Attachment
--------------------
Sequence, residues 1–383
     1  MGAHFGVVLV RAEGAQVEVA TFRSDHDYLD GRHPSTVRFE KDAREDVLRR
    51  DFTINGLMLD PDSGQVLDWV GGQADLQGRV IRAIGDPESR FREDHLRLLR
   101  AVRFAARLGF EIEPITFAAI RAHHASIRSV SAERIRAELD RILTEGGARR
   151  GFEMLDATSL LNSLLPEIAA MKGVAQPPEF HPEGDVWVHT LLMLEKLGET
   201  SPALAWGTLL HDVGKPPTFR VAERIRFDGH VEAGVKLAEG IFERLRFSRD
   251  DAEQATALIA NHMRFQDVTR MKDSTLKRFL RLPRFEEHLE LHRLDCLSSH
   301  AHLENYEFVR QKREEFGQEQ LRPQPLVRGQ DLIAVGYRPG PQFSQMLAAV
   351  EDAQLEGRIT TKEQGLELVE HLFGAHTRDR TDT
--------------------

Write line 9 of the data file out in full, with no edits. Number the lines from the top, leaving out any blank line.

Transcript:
   351  EDAQLEGRIT TKEQGLELVE HLFGAHTRDR TDT